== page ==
Premium Spirits, Low-Priced Products Drive Middle-Priced Products Off Liquor Store Shelves

by | Mar 2, 2021 | Wine & Spirits

Reading Time: 4 minutes

During the pandemic, there have been two types of wine drinkers: those seeking to create a restaurant experience at home with premium wine or liquor, and the customer searching for a value-driven product that tastes good but doesn’t cost much.

Many people still face unemployment and need to be conscious of the price point at which they purchase their alcohol; others are redistributing to premium liquor funds they previously spent at concerts or other pre-pandemic activities.

These price points will continue to diverge, with the premium sector growing, but many customers still want liquor stores and retailers stocked with varied price point selections.

So where does that leave brands priced at the mid-point?


The rise of premium

The customer’s desire for premium products shows in the stats.

Shem Blum, Flor de Caña’s senior brand manager, told Penta that the company’s higher marque products, those aged more than 12 years, are up 41% this year. With those staggering sales, Flor de Caña’s distribution partner William Grant & Sons built out a new team of luxury ambassadors focused on continuing to grow their premium products online and in person.

Patrón Tequila’s vice president of marketing Adrian Parker also highlighted growth not just across the product range, specifically in their Gran Patrón line ($200-$400 range). The brand’s digital business grew by 5 times in a year and is up more than 50% since the pandemic started.

“Though overall, discerning consumers may be drinking less, they are certainly drinking ‘better’ as they continue to seek out premium products,” Jim Brennan, senior vice president, malts and innovation brands at Edrington, told Penta. “Interestingly, any on-premise drop was largely balanced with an increase in off-premise for The Glenrothes core products, specifically.”

Rob McMillan, who writes the Silicon Valley Bank’s annual wine industry report, told The New York Times that “in the short term, the coronavirus pandemic might benefit the premium wine industry,” with data showing locked-down consumers “willing to spend up,” perhaps as they try to recreate the restaurant experience at home.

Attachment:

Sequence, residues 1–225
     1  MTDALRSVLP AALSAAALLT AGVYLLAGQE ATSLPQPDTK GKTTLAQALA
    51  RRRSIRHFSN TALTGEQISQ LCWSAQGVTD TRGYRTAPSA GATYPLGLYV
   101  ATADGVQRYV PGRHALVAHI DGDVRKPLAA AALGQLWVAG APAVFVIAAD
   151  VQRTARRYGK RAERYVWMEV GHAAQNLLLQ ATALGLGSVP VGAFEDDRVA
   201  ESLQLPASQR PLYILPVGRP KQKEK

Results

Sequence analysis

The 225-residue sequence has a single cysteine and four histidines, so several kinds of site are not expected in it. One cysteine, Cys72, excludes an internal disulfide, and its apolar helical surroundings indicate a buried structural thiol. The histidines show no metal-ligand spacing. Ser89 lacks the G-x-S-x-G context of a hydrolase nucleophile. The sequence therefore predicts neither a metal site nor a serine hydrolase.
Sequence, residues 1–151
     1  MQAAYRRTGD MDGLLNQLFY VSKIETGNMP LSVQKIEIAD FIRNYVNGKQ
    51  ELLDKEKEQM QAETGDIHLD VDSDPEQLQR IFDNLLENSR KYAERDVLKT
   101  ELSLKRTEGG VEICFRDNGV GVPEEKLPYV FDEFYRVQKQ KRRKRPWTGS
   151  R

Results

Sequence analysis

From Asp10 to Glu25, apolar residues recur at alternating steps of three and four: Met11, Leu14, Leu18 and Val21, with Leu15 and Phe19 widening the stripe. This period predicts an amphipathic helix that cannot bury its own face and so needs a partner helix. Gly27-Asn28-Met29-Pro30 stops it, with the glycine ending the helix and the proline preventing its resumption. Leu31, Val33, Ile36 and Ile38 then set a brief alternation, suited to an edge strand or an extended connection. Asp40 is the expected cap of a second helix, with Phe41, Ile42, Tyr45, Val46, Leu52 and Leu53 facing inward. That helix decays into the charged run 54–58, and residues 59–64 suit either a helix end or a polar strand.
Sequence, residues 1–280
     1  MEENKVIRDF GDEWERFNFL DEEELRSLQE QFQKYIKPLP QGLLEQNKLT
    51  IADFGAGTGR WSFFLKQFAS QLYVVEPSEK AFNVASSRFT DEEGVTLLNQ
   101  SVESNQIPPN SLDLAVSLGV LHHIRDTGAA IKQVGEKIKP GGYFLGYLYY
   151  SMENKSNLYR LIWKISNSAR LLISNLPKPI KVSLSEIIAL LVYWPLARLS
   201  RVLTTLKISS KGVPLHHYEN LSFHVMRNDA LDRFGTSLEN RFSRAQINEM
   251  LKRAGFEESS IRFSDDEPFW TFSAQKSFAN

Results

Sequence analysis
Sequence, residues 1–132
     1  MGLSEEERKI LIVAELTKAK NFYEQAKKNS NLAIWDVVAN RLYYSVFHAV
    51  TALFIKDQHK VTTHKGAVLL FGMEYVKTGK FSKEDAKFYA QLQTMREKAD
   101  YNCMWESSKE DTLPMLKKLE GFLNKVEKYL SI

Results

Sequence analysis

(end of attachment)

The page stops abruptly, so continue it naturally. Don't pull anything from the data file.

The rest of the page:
Goodbye midpoint prices

Seeing trends that reflect the rise of premium spirits but also the customer desire for affordable options can feel confusing. What this means is anything priced between premium and value-driven products will suffer sales losses.

The hot rosé market has already begun a consolidation, with major brands such as Moët Hennessy buying Whispering Angel’s producer. Production of this customer-favorite wine will snuff out the competition on the already packed rosé shelves.

Millennials resisted premium wines even before the pandemic began, choosing to explore new concoctions such as CBD-infused products, locally crafted brews, or cocktails in a can.

“Baby boomers, who control 70% of U.S. discretionary income and half of the net worth in the U.S., are moving into retirement and declining in both their numbers and per capita consumption, while millennials aren’t yet embracing wine consumption as many had predicted,” Silicon Valley Bank’s 2020 report said.

However, with a national unemployment rate still high, many can’t justify purchasing high-priced wine.

“After Sept. 11, 2001, terrorist attacks, and the 2008 financial crisis, the luxury wine market took painful hits. In such times, people don’t stop drinking; they just buy less of the expensive stuff,” McMillian told The New York Times.

How brands can respond to customer demand

For brands feeling confused about how to play to the premium market, copy what others are doing—go online.

Pernod Ricard CMO Pamela Forbus told Penta, “In the midst of the pandemic, digital commerce adoption projected to take more than three years occurred in the span of less than nine weeks.”

Some brands chose to explore digital growth through influencers, while others developed e-commerce strategies to help “off-premise” sales rise when on-premise drinking wasn’t an option.

If you’re a winery that previously relied on tasting room sales, pivot to allow customers to pick up cases of wine with contactless pickup. Employing this strategy helps keep workers employed and customers engaged.

Meredith Galante

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